It was a rumor and it was finally confirmed. Those who said Intel wasn’t going to release more Atom because it created the Alder Lake architecture with heterogeneous cores for it were wrong. And also by far, since it presented three different series centered on three almost opposite strategic sectors. These are the Atom C5000, Atom P5300 and Atom P5700.
As the title suggests, we are talking about three series of totally different processors in their concept, which logically share many things. The architecture of these processors is called Parker Ridge and what we do know is that they will arrive fabricated at 10nm with a very interesting feature set.
Intel Atom C5000, optimized for networking and storage
This will be the most basic series and will consist of two well-defined product lines. The C5100 series is for storage, while the C5300 series will be for networking, where they will both have 4 to 8 cores, Intel QAT Gen 2, and TDPs of up to 50 watts:
- Intel Atom C5100: supporting local physical storage device storage applications in the small and medium business (SMB) segment. They have a TDP of 42 to 50 watts, no built-in Ethernet, and will operate over a commercial temperature range.
- Intel Atom C5300: Focused for use in network applications, they have a TDP of 32 to 41 watts and include extended and commercial temperature options, allowing you to choose your processor SKU based on your deployment context.
Intel Atom P5300: the pinnacle of optimized systems
Here the bet is raised, since we are talking about neither more nor less than configurations of 8 to 24 cores with TDPs ranging from 55 watts to 85 watts, much more serious bets. They focus on high performance and secure network devices, POPs or similar critical infrastructure systems. In addition, they have QAT Gen 3, being the most advanced in this key aspect for these processors.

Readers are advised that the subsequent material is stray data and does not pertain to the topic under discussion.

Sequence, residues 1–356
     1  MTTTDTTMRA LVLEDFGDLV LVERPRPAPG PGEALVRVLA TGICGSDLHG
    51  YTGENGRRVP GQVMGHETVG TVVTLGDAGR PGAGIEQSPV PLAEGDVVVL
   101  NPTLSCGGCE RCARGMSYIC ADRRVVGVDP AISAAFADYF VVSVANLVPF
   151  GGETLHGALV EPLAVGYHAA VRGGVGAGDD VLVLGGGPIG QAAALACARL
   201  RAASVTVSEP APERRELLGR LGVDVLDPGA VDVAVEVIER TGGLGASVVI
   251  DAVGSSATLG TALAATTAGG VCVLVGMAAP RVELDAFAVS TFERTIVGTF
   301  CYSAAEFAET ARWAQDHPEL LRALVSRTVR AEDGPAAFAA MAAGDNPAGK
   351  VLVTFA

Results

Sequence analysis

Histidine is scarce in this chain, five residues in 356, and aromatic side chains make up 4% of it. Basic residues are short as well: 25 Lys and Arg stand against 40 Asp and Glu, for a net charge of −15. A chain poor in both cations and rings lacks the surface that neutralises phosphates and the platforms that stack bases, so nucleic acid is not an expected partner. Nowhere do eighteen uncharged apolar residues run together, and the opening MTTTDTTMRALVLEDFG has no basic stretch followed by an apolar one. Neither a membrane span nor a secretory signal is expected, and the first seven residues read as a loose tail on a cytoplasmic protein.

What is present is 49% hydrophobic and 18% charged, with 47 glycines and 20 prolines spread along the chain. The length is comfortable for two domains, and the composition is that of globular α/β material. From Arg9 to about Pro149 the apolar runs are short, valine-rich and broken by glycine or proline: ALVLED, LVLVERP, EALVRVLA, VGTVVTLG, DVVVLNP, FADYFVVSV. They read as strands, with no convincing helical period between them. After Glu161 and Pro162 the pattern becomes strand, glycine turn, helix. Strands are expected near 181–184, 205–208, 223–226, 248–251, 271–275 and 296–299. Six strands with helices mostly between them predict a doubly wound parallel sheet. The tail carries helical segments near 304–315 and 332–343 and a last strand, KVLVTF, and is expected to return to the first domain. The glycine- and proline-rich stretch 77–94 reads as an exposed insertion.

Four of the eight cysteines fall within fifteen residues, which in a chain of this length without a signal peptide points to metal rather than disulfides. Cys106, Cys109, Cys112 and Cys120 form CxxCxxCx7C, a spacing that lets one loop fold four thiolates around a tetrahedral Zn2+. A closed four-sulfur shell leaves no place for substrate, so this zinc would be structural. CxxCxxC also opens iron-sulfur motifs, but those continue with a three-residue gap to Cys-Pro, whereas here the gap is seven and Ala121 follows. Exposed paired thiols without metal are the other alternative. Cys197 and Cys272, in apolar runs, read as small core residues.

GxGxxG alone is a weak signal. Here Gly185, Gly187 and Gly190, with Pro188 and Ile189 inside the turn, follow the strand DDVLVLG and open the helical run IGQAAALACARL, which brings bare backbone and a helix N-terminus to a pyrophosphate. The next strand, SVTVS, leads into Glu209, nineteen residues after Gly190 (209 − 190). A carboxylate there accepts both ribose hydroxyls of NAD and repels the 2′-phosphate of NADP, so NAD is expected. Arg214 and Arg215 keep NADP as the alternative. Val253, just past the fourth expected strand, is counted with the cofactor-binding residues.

What is curious about them is that Intel did not show any processor, nor names, nomenclatures, frequencies… Nothing more than what was mentioned, so we will have to wait to see the models later .
Intel Atom P5700: for embedded switches
This is the average range of all new Atoms, but due to its tasks and the importance of these, it is classified as the highest range. Intended for embedded switches and 8 to 20 core configurations with power consumption from 48 watts to 75 watts, here we have a series that takes advantage of QAT Gen 3 to support IPsec Online. What Intel is looking for here is a series of processors for high-volume cryptography and wide real-time data paths.
They also didn’t showcase any models from this series, but they did show all the new features that the C5000, such as the P5300 and P5700, will include, which is also interesting considering what’s new.
Brand new Atom C5000 P5300 P5700 series, a different approach
Intel has forgotten the previous orientation of its underperforming Atom and will take advantage of the name and popularity of the series to, as we have seen, focus on new markets where other specific technologies are required that would not not useful in PCs and servers.
Therefore, all new technologies or versions thereof are included:
- Intel Dynamic Load Balancer (Intel DLB) handles millions of queuing operations per second to efficiently distribute network processing across all processor cores. Managing network queues in hardware frees up CPU cycles typically consumed by software queues.
- Intel Ethernet 800 Series Technology: on-board system-on-chip (SoC) delivers up to 100 Gbps of capacity with link options from 1 GbE to 100 GbE, as well as support for advanced traffic management features on all packet types .
- Intel Network Acceleration Complex (NAC) enables high-performance Ethernet I/O, switching with accelerated inline packet processing, and an enhanced scheduler for higher performance with security features such as authentication and encryption/decryption.
- Intel QAT accelerates symmetric and asymmetric encryption, as well as lossless compression in hardware to free up CPU resources that can be used for other tasks.
- Intel Quick Data Technology allows the chipset to copy data instead of the CPU to move data more efficiently through the server, delivering faster, more scalable, and more reliable performance.
As expected, there is no information on arrival time or prices.